Adrenal tumor

An adrenal tumor or adrenal mass is any benign or malignant neoplasms of the adrenal gland, several of which are notable for their tendency to overproduce endocrine hormones. Adrenal cancer is the presence of malignant adrenal tumors, and includes neuroblastoma, adrenocortical carcinoma and some adrenal pheochromocytomas. Most adrenal pheochromocytomas and all adrenocortical adenomas are benign tumors, which do not metastasize or invade nearby tissues, but may cause significant health problems by unbalancing hormones.

Anitschkow cell Cells associated with rheumatic heart disease

In pathology, Anitschkowcells are often cells associated with rheumatic heart disease. Anitschkow cells are enlarged macrophages found within granulomas associated with the disease.

Thyroid nodule

Thyroid nodules are nodules which commonly arise within an otherwise normal thyroid gland. They may be hyperplastic or tumorous, but only a small percentage of thyroid tumors are malignant. Small, asymptomatic nodules are common, and often go unnoticed. Nodules that grow larger or produce symptoms may eventually need medical care. A goitre may have one nodule – uninodular, multiple nodules – multinodular, or be diffuse.

Follicular thyroid cancer

Follicular thyroid cancer accounts for 15% of thyroid cancer and occurs more commonly in women over 50 years of age. Thyroglobulin (Tg) can be used as a tumor marker for well-differentiated follicular thyroid cancer. Thyroid follicular cells are the thyroid cells responsible for the production and secretion of thyroid hormones.

Spermatocytic tumor Relatively benign tumour of the testis

Spermatocytic tumor, previously called spermatocytic seminoma, is a neoplasm of the testis, and classified as a germ cell tumour.

Large-cell carcinoma (LCC) is a heterogeneous group of undifferentiated malignant neoplasms that lack the cytologic and architectural features of small cell carcinoma and glandular or squamous differentiation. LCC is categorized as a type of NSCLC which originates from epithelial cells of the lung.

Respiratory bronchiolitis interstitial lung disease refers to a form of idiopathic interstitial pneumonia associated with smoking.

Hyalinizing trabecular adenoma is a subtype of thyroid adenoma.

Noninvasive follicular thyroid neoplasm with papillary-like nuclear features (NIFTP) is an indolent thyroid tumor that was previously classified as an encapsulated follicular variant of papillary thyroid carcinoma, necessitating a new classification as it was recognized that encapsulated tumors without invasion have an indolent behavior, and may be over-treated if classified as a type of cancer.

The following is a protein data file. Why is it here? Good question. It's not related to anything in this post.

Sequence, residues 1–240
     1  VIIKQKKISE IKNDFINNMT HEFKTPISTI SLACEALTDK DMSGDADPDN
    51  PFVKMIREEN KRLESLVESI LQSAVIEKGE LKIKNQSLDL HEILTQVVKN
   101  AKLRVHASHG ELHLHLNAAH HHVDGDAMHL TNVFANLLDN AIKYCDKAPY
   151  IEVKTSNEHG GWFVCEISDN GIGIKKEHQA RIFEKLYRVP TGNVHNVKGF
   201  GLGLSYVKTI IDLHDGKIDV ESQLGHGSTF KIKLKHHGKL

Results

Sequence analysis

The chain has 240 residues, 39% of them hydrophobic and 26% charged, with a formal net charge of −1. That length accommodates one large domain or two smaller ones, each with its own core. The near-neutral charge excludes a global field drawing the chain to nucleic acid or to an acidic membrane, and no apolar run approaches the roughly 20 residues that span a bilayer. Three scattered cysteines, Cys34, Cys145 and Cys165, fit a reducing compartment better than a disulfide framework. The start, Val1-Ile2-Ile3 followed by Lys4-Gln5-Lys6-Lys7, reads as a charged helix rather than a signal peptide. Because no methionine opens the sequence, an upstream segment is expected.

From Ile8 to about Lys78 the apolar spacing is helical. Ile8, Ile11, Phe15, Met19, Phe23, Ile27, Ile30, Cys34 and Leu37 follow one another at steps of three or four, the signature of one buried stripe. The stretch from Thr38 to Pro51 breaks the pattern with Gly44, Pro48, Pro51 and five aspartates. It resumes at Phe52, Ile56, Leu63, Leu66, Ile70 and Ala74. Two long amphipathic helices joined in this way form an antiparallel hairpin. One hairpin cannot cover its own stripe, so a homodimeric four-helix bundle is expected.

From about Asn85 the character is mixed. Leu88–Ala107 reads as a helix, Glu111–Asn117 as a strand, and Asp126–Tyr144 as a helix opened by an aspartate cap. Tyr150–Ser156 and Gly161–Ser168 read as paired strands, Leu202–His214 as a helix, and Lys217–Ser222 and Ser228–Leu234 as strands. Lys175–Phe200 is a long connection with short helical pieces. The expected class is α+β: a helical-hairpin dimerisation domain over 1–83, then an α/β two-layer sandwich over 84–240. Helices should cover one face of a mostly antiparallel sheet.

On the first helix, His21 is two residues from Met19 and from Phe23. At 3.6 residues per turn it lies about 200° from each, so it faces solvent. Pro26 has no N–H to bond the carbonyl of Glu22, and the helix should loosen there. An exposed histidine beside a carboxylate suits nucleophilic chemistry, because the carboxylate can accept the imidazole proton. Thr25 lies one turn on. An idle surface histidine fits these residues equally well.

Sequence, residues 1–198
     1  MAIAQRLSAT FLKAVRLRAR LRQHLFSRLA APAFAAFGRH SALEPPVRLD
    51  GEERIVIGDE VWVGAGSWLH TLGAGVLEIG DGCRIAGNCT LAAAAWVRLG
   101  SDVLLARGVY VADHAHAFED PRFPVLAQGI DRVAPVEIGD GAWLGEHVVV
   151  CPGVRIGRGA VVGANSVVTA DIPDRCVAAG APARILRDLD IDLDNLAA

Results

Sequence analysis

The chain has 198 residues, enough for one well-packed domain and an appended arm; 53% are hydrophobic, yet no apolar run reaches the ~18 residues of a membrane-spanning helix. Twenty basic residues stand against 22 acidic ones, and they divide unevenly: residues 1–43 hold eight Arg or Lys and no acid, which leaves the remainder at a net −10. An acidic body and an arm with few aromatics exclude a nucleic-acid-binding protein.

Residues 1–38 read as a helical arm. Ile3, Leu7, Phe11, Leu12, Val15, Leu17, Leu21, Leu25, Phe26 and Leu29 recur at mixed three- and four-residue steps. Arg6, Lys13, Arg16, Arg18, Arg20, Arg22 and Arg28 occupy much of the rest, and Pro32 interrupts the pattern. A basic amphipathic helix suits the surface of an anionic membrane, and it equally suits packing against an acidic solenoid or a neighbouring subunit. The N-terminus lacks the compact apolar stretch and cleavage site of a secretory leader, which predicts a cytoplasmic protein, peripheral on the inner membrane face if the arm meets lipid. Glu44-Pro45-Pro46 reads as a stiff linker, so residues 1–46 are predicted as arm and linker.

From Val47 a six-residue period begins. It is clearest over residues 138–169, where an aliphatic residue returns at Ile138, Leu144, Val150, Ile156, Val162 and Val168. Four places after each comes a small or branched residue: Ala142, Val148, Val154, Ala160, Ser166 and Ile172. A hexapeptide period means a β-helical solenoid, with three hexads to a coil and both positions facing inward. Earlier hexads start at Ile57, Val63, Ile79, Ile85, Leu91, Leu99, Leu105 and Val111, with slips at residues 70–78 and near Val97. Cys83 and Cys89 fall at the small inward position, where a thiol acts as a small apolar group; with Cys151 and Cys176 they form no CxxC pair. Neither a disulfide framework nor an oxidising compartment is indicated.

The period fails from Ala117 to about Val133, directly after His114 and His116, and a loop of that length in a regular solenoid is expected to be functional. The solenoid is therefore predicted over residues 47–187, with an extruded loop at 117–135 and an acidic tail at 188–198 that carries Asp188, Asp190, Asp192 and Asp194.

In CT scan of the thyroid, focal and diffuse thyroid abnormalities are commonly encountered. These findings can often lead to a diagnostic dilemma, as the CT reflects the nonspecific appearances. Ultrasound (US) examination has a superior spatial resolution and is considered the modality of choice for thyroid evaluation. Nevertheless, CT detects incidental thyroid nodules (ITNs) and plays an important role in the evaluation of thyroid cancer.

References

  1. Cotran, Ramzi S.; Kumar, Vinay; Fausto, Nelson; Nelso Fausto; Robbins, Stanley L.; Abbas, Abulr9 K. (2005). Robbins and Cotran pathologic basis of disease. St. Louis, Mo: Elsevier Saunders. p. 1117. ISBN   978-0-7216-0187-8.
  2. "Endocrine Pathology" . Retrieved 2009-05-08.
  3. 1 2 3 4 5 emedicine > Thyroid, Evaluation of Solitary Thyroid Nodule > Benign Thyroid Nodules By Daniel J Kelley and Arlen D Meyers. Updated: Oct 17, 2008
  4. TheFreeDictionary > microfollicular adenoma Citing: Dorland's Medical Dictionary for Health Consumers. Copyright 2007
  5. Ünlütürk, U; Karaveli, G; Sak, S. D.; Erdoğan, M. F. (2011). "Hyalinizing trabecular tumor in a background of lymphocytic thyroiditis: A challenging neoplasm of the thyroid". Endocrine Practice. 17 (6): e140–3. doi:10.4158/EP11138.CR. PMID   21940281.
  6. 1 2 Ramzi Cotran; Vinay Kumar; Tucker Collins (1999). Robbins Pathologic Basis of Disease, 6th Edition. W.B. Saunders. ISBN   978-0-7216-7335-6.
  7. 1 2 3 Treatment section in: Welker, M.; Orlov, D. (2003). "Thyroid nodules". American Family Physician. 67 (3): 559–566. PMID   12588078.
  8. Mulita, Francesk; Anjum, Fatima (2020), "Thyroid Adenoma", StatPearls, Treasure Island (FL): StatPearls Publishing, PMID   32965923 , retrieved 2020-11-07